A confession: When I begin writing one of these self-care pieces for you, I often think first of something I hope will offer you comfort, joy or strength. Something “good and sturdy,” as the artist Shari Elf says. And next, almost immediately, I begin thinking of its justification.
But do comfort, joy and strength, and the sharing of them—or at least ideas for them—really need a raison d’être? I hope not. I’m 60 years old this year and I’m still trying to shed the idea that any attention to the self at all is selfish and must be justified with a greater good. I try to think of this attitude as an error. One that I can take action to undermine.
In that vein, my idea for self-care this month involves Doing New Things, for fun. No other reason. I’m thinking of it as “Rumspringa for a Day.”
You may know Rumspringa as a sort of coming-of-age gap year for young people in some Amish and Mennonite communities. I’m not an authority on Rumspringa, or Amish culture in general, but casual reading suggests that there is no single common practice. The popular idea of an extended spring break—all bets off and no library fines will accrue!—is by no means universal.
One resonant fact I read is that Rumspringa comes from the German “to jump about.” (Not, as reality TV might make us think, “our year of living dangerously and utterly without boundaries.”) Jumping about carries the meaning of trying things without expectation of committing to a linear path. A trial period.
Rumspringa can also simply mean “adolescence.” And as far as I can tell, among those communities with a coming-of-age practice, no adolescent has to earn their Rumspringa. It’s for everyone. These meanings start getting at what I’d like to make more room for.
So I’m planning to deliberately set aside time to jump about and explore. I want to make room for dead ends and blind alleys—destinations that lead nowhere and activities that don’t have to justify themselves by repaying my investment. This is unlike a sabbatical, which as a young person I was shocked—shocked—to find out was not a year off that one was freely given, but in fact it had to be retroactively earned by spending most of it working on something publishable. (Thus ended my youthful dream of an academic career.)
I’m also not thinking of anything like a Beach Day, which is all about passivity. Beach Day needs no actual beach (especially if quarantined); it just requires being warm, supine and mainlining a stack of books that take me nowhere very elevated. (My most recent beach reads were Steph Cha’s noir-esque Juniper Song series. Recommend!) (Also, we should definitely talk about Beach Days soon.)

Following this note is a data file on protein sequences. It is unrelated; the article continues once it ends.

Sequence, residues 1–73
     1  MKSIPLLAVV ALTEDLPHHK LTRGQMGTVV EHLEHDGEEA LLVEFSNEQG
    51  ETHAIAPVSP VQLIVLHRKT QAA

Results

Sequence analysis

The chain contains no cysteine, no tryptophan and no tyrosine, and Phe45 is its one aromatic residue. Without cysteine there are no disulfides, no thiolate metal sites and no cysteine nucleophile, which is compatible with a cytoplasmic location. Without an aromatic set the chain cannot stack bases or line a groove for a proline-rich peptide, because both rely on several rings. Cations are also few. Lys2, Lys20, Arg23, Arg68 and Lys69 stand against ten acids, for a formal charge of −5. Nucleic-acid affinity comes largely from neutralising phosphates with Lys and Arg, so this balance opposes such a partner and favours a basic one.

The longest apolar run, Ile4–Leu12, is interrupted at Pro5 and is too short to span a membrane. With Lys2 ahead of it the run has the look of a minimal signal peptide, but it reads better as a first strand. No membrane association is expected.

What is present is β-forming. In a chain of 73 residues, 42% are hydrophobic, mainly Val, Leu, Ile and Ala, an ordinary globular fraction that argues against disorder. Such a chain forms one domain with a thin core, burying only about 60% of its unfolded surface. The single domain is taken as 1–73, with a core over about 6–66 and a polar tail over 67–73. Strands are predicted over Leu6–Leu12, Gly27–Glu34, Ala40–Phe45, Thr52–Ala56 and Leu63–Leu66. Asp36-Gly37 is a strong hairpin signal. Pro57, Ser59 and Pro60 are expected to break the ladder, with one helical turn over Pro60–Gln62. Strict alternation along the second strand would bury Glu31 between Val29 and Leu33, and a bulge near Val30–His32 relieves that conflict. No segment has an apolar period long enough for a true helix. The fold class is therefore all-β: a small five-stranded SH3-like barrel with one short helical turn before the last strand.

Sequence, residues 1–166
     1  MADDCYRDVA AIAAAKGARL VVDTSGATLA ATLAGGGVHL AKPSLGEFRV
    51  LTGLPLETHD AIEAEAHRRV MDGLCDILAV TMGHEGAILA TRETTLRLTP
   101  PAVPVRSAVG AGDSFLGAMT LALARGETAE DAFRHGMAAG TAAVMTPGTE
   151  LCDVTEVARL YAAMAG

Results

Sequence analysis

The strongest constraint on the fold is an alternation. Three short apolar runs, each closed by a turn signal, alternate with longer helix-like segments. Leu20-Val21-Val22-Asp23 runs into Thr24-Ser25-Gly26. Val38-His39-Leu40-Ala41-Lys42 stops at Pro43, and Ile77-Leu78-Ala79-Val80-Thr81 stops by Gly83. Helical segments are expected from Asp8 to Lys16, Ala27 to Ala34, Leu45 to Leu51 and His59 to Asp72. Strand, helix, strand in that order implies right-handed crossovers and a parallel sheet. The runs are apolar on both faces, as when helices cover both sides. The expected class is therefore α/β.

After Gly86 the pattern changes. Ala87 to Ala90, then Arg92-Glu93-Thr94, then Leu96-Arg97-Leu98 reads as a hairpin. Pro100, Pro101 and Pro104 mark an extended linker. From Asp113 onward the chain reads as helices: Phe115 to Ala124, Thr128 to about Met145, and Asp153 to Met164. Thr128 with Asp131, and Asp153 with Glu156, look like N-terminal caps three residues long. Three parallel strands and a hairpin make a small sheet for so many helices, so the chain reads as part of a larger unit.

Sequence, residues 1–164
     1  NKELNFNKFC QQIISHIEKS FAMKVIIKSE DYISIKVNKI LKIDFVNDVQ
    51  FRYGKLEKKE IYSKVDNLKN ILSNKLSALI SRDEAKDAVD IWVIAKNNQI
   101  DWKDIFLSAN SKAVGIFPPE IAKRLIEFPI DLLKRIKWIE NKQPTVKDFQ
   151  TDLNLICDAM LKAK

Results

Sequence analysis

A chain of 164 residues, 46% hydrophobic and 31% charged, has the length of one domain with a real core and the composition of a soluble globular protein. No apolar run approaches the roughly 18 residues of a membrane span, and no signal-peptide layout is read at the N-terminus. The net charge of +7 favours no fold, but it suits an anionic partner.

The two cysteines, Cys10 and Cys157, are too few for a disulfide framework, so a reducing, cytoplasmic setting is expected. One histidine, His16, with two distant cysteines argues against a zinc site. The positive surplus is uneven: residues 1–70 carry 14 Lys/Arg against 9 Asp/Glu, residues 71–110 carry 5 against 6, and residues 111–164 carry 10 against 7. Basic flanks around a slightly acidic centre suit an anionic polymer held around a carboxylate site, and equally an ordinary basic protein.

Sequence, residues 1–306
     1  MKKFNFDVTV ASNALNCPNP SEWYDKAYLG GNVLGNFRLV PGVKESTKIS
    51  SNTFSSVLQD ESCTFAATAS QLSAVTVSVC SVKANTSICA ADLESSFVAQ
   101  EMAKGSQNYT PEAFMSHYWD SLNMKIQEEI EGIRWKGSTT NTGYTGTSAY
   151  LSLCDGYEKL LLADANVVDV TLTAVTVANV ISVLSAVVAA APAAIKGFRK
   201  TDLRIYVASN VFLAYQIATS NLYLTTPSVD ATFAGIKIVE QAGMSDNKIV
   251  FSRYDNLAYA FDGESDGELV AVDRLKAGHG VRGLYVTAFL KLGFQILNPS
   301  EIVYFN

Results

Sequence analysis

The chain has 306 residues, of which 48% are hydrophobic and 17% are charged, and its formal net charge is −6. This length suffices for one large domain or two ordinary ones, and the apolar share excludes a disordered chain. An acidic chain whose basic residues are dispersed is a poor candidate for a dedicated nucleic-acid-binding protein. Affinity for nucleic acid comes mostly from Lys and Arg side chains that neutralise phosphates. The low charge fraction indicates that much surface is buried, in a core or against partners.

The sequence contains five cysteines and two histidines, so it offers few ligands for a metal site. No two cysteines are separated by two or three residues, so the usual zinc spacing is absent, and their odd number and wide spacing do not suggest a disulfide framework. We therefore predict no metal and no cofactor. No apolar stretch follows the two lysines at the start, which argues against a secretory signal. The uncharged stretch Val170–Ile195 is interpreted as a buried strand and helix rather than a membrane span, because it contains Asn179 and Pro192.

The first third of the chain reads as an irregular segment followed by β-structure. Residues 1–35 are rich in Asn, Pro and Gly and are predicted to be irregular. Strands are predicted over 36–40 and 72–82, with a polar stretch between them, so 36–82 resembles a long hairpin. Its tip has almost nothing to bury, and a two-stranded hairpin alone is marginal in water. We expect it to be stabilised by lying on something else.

Anyway, the crucial thing for—let’s call it a “Minispringa,” provisionally—is exploration. But importantly I’m conceiving it as a chance to actively explore, not merely study.
So here are some of my ideas for my Minispringa this month:
- Teach myself something more about block printing. Supplies are easily found online! Block Shop also has a kit that hopefully will come back in stock.
- Have a zero-presh sewing day when my Hilary Top pattern gets here. Play is very important for me with machine sewing; I have a terrible and mysterious anxiety about it. Obviously, pressure kills exploration!
- Get some sticky rice flour, clear the counters, and make Mandy Lee’s Flakey Pastry Stuffed with Mochi and Chocolate (and bring it around to various neighbors when done)
- Stage a home yoga retreat, quarantine style. I have not one but two video series waiting for me from Jessamyn Stanley of Underbelly Yoga and Madeleine Lohman of Madyoga. FYI: these are very affordable, compared to many such offerings.
- Also—second confession here—I’ve always kinda wanted to go to Klingon immersion camp. Surely there is some safe-at-home alternative?
Klingon actually might be the ideal Minispringa project, because learning Klingon can never repay my investment in the form of an Etsy shop or the like. Nor will it clean sinks, tubs and tiles. And speaking Klingon—poorly—won’t make me a virtuous or admirable person; it would more make me a punchline. In other words, the Klingon idea is a total cul-de-sac. A cabinet of curiosities. And another way to not always be working.
If you already make a practice of this kind of active-yet-idle exploration, I would love to hear about your experiments. Or if there are things you’ve always wanted to try, even if they lead nowhere, tell us below in the comments. And have fun!
Underbelly Yoga taught by Jessamyn Stanley
Calm Anxiety yoga series taught by Madeleine Lohman
Block Shop Textiles block printing kit (currently not in stock but good for supply ideas)
Mandy Lee’s Flakey Pastry Stuffed with Mochi and Chocolate
Image: Musei Wormiani Historia, frontispiece from the Museum Wormianum depicting Ole Worm’s cabinet of curiosities. Wellcome Collection gallery
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